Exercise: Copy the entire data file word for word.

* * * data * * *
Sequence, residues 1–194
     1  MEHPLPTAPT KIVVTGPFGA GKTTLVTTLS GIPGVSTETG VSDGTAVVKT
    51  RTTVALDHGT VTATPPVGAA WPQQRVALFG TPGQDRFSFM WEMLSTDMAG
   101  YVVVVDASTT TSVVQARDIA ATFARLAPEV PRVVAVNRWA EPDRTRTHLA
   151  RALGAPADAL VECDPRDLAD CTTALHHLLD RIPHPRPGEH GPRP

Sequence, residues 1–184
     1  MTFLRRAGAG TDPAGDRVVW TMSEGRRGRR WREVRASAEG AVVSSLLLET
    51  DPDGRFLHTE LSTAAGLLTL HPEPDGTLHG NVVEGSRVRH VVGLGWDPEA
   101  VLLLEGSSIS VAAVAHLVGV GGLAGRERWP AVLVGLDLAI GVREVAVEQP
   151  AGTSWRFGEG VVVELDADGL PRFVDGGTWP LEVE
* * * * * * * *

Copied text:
Sequence, residues 1–194
     1  MEHPLPTAPT KIVVTGPFGA GKTTLVTTLS GIPGVSTETG VSDGTAVVKT
    51  RTTVALDHGT VTATPPVGAA WPQQRVALFG TPGQDRFSFM WEMLSTDMAG
   101  YVVVVDASTT TSVVQARDIA ATFARLAPEV PRVVAVNRWA EPDRTRTHLA
   151  RALGAPADAL VECDPRDLAD CTTALHHLLD RIPHPRPGEH GPRP

Sequence, residues 1–184
     1  MTFLRRAGAG TDPAGDRVVW TMSEGRRGRR WREVRASAEG AVVSSLLLET
    51  DPDGRFLHTE LSTAAGLLTL HPEPDGTLHG NVVEGSRVRH VVGLGWDPEA
   101  VLLLEGSSIS VAAVAHLVGV GGLAGRERWP AVLVGLDLAI GVREVAVEQP
   151  AGTSWRFGEG VVVELDADGL PRFVDGGTWP LEVE